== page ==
PORT-AU-PRINCE, Haiti – France's national anthem blared across the tarmac on Wednesday as Nicolas Sarkozy made the first visit ever by a French president to Haiti
Haitian President Rene Preval greeted Sarkozy as a brass band played the Marseillaise to start a quick tour of the earthquake ravaged capital and a French field hospital.
The two, both in dark suits, boarded an olive-drab helicopter and peered out of an open side door for an aerial tour of the devastated capital.
Some Haitians are welcoming France's new interest in their nation as a counterbalance to the United States, which has sent troops there three times in the past 16 years. But Sarkozy's visit is also reviving bitter memories of the crippling costs of Haiti's 1804 independence.
A third of the population was killed in an uprising against exceptionally brutal slavery, an international embargo was imposed to deter slave revolts elsewhere and 90 million pieces of gold were demanded by Paris from the world's first black republic.
The debt hobbled Haiti, it seemed for life.
A country plagued by natural and unnatural calamities was desperately poor and mismanaged even before a magnitude-7 earthquake smashed up the capital Port-au-Prince on Jan. 12, killing more than 200,000 people and leaving more than a million homeless.
Haitian politicians this week diplomatically skirted the question of French reparations — a demand put to Paris by ousted President Jean-Bertrand Aristide in 2004. That suggests Sarkozy's four-hour visit could herald a new era.
French officials say Sarkozy will announce details of "a French plan for the reconstruction of Haiti" — if Haitian officials agree. It differs little from proposals from Haitian, U.S. and U.N. officials to decentralize power away from the devastated capital and boost agriculture and tourism.
Another bit of help came from Air France on Wednesday. The airline said it will resume commercial flights to Port-au-Prince, operating twice a day, five times a week, beginning Friday. One will go to Miami while the other will fly to the Guadaloupe capital of Pointe-a-Pitre, where passengers can fly on to Paris.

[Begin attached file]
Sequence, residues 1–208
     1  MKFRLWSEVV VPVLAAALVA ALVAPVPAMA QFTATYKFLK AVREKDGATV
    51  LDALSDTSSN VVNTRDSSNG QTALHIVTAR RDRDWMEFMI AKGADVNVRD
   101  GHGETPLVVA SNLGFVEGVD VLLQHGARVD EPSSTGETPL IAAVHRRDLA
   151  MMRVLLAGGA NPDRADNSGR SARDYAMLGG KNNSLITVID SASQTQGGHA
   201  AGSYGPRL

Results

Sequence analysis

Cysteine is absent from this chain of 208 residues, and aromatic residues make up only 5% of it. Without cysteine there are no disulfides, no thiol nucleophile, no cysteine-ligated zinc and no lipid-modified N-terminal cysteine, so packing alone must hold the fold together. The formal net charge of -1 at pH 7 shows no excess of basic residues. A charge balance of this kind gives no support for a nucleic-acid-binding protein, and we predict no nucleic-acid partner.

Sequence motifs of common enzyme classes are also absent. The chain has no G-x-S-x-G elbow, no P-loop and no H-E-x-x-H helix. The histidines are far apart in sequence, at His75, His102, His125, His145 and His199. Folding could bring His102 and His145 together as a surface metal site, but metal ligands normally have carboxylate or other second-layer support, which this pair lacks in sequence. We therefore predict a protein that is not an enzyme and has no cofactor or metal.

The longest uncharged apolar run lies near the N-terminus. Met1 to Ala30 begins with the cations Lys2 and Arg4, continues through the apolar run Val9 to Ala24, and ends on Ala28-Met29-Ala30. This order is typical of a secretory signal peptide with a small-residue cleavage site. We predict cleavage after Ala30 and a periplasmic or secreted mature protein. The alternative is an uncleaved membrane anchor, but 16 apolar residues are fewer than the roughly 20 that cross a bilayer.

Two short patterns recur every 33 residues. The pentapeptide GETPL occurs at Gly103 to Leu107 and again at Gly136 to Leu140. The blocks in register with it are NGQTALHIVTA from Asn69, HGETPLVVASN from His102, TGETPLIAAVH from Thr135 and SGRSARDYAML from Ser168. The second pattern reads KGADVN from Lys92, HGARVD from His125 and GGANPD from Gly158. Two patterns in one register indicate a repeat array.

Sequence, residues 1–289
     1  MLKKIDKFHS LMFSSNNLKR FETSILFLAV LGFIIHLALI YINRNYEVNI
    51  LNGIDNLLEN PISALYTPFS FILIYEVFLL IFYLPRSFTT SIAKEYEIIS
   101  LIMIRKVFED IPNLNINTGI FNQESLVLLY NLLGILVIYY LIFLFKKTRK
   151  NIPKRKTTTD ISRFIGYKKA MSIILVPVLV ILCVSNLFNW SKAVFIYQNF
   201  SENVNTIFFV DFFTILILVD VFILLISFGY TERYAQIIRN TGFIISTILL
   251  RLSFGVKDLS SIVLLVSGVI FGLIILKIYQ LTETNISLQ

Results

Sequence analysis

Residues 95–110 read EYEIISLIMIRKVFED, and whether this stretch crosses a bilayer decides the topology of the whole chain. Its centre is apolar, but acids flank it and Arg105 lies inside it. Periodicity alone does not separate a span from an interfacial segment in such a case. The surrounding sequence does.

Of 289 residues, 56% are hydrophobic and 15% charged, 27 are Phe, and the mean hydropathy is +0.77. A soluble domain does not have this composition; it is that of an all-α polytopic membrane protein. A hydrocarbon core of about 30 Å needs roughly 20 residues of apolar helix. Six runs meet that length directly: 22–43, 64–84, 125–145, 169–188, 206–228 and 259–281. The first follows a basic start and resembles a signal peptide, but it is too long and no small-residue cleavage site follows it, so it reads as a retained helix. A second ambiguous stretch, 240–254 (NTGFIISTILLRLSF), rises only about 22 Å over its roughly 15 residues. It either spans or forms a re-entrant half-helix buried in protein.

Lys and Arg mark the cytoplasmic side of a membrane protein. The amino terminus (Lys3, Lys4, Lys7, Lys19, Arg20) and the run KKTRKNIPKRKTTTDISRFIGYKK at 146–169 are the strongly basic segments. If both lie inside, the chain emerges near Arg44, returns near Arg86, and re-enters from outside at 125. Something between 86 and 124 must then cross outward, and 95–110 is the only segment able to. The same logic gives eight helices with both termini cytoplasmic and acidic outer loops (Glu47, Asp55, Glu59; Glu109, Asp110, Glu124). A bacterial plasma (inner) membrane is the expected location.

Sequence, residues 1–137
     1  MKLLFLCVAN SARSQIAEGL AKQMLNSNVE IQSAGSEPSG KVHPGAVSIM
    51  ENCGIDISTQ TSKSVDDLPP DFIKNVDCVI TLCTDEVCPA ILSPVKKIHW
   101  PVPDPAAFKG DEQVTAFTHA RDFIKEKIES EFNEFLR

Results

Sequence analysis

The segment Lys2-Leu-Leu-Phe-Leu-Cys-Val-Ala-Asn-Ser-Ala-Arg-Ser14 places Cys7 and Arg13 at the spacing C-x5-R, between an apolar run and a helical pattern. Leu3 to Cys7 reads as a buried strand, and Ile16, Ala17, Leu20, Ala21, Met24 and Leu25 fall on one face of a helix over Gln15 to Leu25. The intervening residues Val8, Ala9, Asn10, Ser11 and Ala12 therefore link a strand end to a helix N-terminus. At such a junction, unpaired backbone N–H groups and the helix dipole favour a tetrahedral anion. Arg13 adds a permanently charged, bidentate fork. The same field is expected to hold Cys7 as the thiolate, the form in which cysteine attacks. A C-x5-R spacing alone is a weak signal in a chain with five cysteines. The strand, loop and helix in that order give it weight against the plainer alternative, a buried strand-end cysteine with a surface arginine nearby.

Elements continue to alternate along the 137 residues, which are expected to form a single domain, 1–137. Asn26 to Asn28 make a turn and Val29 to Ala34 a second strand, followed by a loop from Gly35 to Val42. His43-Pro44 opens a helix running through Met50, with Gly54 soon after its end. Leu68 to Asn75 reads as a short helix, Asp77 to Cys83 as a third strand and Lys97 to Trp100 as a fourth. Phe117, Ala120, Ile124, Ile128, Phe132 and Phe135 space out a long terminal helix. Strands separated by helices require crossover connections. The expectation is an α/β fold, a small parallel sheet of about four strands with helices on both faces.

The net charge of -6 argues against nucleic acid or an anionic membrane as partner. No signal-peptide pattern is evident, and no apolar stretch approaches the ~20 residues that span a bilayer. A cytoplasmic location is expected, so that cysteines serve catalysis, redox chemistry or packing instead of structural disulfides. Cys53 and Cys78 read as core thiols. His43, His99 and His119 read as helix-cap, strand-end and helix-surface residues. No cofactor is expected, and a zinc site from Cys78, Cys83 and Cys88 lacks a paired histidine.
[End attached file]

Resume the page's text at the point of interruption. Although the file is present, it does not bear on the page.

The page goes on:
The trip brings Sarkozy to an island where, French officials acknowledge, fascination with things French duels with strong, lingering resentments.
One official close to the French presidency, briefing reporters in Paris on condition of anonymity, hinted that France is not deaf to calls for reparations, calling Sarkozy's visit "an occasion to show that France is mobilizing to give Haitians control of their destiny and pay past debts."
France has already said it was canceling all of Haiti's 56 million euro (US$77 million) debt to Paris.
In 1825, crippled by the U.S.-led international embargo that was enforced by French warships, Haiti agreed to pay France 150 million francs in compensation for the lost "property" — including slaves — of French plantation owners.
By comparison, France sold the United States its immensely larger Louisiana Territory in 1803 for just 60 million francs. The amount for Haiti was later lowered to 90 million gold francs.
Haiti did not finish paying the debilitating debt — which was swollen by massive interest payments to French and American banks — until 1947.
But Haiti's wealth already was destroyed. It had been the world's richest colony, providing half the globe's sugar and other exports including coffee, cotton, hardwood and indigo that exceeded the value of everything produced in the United States in 1788.
By the early 1780s, half of Haiti's forests were gone, leading to the devastating erosion and extreme poverty that bedevils the country today.
France's other former colonies in the region — Guadeloupe, Martinique, St. Martin, St. Barts and French Guiana — all have voted to remain part of France and send legislators to the French parliament.
(This version CORRECTS name of French Guiana sted Guiana.)